Socially distant trees


A social-distancing and re-purposing project for timber on Haycamp Mesa in Montezuma County.

Trees are like people in a lot of ways, they may even look like some people. You have seen some, tall and straight like a pine tree, or short and squatty like a juniper or even tall and straight but spreading in the lower “hips” like a spruce tree, or even tall and skinny, like an aspen. Some trees bend with however the wind blows, while others stand firm and fast even in a gale.

There are other more closely related ways common to man and trees. For example, both have their beginning from a “seed” planted in just the right environment with nourishment to grow. Once sprouted, both need food, water, sunlight and room to grow. When both are small, not much space is needed, but as more “sprouts” come along things can get pretty competitive. If there is not enough food, water, and space for all, then an unhealthy condition is created for all. Just like people, the bigger trees overshadow the smaller ones and suck up all the water, nutrients and sunlight, leaving the small ones weak and subject to viruses, bacteria, and other bugs.

Here is where we part ways. When your house gets too crowded with now young adults, you can boot the kids out to go their own way with their dreams and jobs. Trees in the forest just let the little ones starve. So all those unhealthy trees that are packed in too close to each other, one of them gets sick with a virus, or bacteria, bug or parasite of some kind.

What do you think happens? You guessed it! The “sickness” gets passed around to all those that are too close, wiping their branches on each other.

Here is where man can come to the rescue with a good medical plan. Man can help with implementing a “social distancing” for a new tree employment opportunity. Using scientific spacing guidelines for the social distancing, many trees can be given new purposes and careers in construction, home heating, essential oils, furniture, medicine, music, sports, cosmetics, barbecuing and even sanitation (TP). And the list goes on.

The trees of the forest are subject to diseases and hardships beyond their control, just like man. The trees are continually subject to numerous viruses, bacteria, insects and parasites, in addition to changing weather conditions of drought, floods, and windstorms. The overcrowding of trees stresses them out and weakens them to where the insects and other diseases easily overcome them. Just like man, the key to their survival is to be healthy to overcome the attacks. The best way is to be given space to grow with adequate sunlight, nutrients, and water with minimal competition from others. Locking the forest up in an unhealthy crowded condition will not prevent the attack of diseases, but rather exacerbate it, making it worse.

Why is “social distancing” (i.e.) spacing so important for trees? The biggest reason is for water! As the tree grows, it sends out roots to find the water it needs. The taller and bigger it grows, the more water it needs.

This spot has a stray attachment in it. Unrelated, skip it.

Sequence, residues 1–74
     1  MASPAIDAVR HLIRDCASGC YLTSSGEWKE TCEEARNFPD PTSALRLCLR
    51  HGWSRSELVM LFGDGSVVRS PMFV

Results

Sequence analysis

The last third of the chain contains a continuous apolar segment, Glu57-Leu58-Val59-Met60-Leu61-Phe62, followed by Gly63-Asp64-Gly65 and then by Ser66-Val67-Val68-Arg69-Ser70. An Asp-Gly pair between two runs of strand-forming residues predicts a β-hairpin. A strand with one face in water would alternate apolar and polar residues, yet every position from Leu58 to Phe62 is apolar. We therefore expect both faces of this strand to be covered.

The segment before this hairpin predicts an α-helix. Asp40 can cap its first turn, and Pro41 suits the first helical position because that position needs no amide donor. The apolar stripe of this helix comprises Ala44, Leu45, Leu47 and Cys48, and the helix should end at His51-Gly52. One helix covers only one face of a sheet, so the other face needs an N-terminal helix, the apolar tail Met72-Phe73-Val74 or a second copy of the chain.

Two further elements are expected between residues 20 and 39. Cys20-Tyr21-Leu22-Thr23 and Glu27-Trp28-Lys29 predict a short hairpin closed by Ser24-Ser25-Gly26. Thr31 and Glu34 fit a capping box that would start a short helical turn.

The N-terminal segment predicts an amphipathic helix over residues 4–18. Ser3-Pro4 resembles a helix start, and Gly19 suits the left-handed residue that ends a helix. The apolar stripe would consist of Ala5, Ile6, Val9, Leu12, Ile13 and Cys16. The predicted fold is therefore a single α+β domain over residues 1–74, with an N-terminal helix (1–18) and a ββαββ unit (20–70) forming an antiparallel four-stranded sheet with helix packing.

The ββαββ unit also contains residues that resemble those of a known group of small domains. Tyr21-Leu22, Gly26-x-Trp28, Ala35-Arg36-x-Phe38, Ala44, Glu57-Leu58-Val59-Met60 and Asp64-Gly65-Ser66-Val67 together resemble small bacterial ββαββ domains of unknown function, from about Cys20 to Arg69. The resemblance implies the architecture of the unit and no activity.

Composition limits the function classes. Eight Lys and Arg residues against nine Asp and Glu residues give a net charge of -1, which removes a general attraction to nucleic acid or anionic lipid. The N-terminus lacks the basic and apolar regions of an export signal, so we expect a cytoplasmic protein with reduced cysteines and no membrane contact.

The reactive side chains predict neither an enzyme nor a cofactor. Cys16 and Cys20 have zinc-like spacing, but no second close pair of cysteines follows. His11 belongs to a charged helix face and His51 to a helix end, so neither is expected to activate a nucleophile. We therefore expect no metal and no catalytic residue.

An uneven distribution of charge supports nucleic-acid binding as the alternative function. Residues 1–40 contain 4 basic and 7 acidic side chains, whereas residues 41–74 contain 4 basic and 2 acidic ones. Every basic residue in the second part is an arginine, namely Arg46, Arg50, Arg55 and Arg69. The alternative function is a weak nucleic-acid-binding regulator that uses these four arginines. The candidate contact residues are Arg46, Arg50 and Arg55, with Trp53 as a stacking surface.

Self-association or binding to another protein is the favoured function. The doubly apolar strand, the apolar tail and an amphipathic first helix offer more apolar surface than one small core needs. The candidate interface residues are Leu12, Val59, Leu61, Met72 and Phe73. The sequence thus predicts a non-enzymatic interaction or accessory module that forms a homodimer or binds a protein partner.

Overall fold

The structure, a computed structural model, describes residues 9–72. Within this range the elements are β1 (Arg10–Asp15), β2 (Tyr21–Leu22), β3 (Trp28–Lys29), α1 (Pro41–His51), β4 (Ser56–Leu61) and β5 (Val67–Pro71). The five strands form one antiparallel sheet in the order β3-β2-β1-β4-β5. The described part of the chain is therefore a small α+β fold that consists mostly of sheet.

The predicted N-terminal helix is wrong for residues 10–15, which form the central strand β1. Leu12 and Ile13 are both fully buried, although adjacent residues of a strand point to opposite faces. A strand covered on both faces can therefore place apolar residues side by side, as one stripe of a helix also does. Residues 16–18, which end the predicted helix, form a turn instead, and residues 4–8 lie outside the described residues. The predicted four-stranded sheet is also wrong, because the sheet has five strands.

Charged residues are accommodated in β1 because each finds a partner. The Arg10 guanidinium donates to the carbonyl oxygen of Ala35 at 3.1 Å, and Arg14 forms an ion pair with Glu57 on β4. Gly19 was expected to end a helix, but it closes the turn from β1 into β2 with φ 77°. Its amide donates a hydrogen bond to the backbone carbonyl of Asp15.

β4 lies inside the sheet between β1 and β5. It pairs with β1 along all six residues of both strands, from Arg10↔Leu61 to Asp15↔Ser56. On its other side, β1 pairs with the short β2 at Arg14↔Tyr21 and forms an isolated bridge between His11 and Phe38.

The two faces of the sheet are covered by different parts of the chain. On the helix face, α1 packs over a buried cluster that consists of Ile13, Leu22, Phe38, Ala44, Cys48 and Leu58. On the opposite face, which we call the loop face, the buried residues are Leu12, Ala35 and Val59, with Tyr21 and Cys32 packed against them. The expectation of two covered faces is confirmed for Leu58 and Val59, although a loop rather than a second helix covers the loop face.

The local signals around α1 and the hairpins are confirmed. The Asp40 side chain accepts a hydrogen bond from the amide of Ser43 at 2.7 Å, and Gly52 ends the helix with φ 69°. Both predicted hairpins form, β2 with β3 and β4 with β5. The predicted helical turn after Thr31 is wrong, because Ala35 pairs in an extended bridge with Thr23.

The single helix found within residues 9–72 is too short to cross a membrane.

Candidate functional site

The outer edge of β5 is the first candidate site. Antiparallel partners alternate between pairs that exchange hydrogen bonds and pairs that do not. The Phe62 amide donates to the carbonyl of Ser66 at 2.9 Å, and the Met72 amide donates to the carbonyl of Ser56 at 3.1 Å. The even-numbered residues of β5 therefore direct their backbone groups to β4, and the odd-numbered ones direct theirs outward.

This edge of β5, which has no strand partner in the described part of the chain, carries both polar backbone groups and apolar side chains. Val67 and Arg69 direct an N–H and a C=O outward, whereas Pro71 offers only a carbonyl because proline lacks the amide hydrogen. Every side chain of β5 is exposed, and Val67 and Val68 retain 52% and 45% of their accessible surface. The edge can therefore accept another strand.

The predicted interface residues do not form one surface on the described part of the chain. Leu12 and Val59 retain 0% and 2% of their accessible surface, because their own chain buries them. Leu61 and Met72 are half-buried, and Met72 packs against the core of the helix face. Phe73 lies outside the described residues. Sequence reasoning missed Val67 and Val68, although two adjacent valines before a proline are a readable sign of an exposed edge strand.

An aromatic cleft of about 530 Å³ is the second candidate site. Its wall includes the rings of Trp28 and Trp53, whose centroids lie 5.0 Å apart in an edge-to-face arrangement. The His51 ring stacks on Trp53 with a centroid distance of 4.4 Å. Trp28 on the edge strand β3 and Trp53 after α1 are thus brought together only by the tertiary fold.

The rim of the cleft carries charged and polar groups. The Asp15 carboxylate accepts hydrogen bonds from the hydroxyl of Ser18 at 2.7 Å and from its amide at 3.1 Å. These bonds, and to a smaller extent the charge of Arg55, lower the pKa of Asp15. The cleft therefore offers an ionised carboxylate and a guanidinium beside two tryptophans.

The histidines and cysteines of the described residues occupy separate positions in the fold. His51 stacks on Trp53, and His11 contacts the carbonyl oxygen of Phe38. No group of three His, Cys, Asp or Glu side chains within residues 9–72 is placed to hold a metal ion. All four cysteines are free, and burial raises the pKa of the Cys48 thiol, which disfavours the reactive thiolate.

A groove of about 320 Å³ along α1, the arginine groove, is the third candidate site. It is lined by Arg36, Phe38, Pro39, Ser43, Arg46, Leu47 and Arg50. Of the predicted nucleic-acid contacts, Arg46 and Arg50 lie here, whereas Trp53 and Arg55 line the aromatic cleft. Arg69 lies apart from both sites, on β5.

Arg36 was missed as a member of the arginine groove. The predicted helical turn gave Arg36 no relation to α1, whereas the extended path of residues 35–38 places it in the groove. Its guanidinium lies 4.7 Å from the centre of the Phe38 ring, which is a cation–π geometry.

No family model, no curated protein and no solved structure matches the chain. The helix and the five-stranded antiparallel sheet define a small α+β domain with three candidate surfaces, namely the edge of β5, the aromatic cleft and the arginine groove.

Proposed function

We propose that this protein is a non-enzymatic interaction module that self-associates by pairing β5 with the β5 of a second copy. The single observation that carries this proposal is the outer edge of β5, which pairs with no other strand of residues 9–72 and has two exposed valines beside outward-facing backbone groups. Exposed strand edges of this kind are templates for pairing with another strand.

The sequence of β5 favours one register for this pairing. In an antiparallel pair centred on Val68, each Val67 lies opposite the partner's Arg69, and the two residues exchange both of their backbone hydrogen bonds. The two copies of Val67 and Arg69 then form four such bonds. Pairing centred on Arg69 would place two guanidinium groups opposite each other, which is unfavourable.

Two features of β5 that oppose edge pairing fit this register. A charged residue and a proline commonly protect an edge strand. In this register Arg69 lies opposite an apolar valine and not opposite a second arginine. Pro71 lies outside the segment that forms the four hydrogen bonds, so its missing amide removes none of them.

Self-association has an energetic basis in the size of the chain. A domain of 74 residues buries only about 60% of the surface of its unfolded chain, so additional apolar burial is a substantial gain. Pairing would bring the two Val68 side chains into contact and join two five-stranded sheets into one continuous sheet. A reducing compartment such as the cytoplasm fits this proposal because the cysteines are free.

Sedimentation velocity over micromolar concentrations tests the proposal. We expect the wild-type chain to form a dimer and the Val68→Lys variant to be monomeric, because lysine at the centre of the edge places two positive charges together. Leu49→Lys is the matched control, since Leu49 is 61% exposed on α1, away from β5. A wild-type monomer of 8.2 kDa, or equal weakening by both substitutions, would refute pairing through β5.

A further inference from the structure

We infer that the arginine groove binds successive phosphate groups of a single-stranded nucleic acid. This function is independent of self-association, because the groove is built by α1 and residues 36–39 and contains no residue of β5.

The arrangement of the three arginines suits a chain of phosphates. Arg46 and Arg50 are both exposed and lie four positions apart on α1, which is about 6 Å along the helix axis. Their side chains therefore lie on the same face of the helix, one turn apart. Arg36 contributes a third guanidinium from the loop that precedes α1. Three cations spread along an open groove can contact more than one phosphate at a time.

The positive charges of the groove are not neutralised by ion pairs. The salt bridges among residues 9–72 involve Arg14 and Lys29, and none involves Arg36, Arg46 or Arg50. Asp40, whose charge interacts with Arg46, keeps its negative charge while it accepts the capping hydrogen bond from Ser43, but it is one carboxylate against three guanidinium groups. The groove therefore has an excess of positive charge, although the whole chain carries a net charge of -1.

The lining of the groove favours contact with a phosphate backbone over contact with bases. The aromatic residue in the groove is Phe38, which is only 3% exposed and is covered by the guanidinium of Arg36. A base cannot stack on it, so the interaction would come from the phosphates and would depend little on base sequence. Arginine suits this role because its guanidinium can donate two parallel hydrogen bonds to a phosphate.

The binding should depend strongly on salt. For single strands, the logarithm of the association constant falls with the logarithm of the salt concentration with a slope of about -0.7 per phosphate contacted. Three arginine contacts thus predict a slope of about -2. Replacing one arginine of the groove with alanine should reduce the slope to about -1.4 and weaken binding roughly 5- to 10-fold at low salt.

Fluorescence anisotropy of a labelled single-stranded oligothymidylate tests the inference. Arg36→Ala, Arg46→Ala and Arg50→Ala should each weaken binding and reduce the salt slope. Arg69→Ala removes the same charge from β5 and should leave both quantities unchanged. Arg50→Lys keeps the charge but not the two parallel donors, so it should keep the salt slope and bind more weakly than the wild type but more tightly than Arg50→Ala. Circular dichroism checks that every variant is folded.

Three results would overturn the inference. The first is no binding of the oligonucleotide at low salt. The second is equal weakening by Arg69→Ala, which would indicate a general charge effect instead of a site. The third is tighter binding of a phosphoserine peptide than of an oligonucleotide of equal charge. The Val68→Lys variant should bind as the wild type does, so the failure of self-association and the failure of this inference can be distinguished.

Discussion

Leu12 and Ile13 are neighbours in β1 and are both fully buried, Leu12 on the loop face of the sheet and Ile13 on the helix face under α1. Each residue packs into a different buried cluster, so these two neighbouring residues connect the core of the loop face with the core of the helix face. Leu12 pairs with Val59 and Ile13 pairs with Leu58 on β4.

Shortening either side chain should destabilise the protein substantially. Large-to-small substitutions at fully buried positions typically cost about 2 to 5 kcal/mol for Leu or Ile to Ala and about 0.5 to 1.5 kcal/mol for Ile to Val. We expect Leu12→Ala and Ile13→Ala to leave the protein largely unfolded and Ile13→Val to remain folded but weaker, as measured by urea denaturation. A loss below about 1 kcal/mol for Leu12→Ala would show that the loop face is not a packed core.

The ponderosa pine up on Hay Camp Mesa, for example, may send out roots 2 to 3 times the width of the drip line of the branches searching for water. So if trees are so close that their branches touch or nearly so, they are in direct competition for the same drop of water.

Unless it is a real wet year, both trees will be in a weak and stressed condition, which insects seem to detect and attack. In the weakened unhealthy condition, the little buggers are able to kill the tree. Health is the key to survival and water is a key to health, and adequate spacing to reduce competition is imperative.

Another disease prevention benefit of spacing in the ponderosa pine and other trees is disease prevention.

One of the many diseases that most people are not aware of is the parasitic dwarf mistletoe. There are several host-specific mistletoes and the one on the pine is not the one to catch your “chickie babe” under at Christmas time, that is a different species. The one on pine looks like a bunch of yellow greenish sticks growing on a limb of the tree and lives off of the nutrients and water that is taken up by the tree, slowly over time, starving the tree to death.

Spacing the trees is important because the mistletoe produces its own seed to further infect the host tree and surrounding trees. The “seed “ is in a little capsule that explodes, sending the sticky seed out at up to 60 mph and can reach distances up to 60 feet away to infect new trees. So logically, if the trees are too close to an infected tree, the odds are really good that the parasite disease will keep on spreading.

Over the past 40 years, we have allowed the viruses and other diseases to infect the forest, resulting in a dying forest. We are now waking up and have the opportunity to implement “social distancing” in our forest to improve its overall health for disease resistance and beauty.

We welcome the restored “new normal” of providing repurposing and employment of the over-population of trees into higher valued opportunities of service that is much better than making smoke. The “repurposing” even pays its own way.

Now to find more opportunities. Welcome to all the forest “social distancing” projects taking place, they are a win-win for ALL.

Dexter Gill is a retired forest manager who worked for private industry, three Western state forestry agencies, and the Navajo Nation forestry department. He writes from Lewis, Colo.

From Dexter Gill.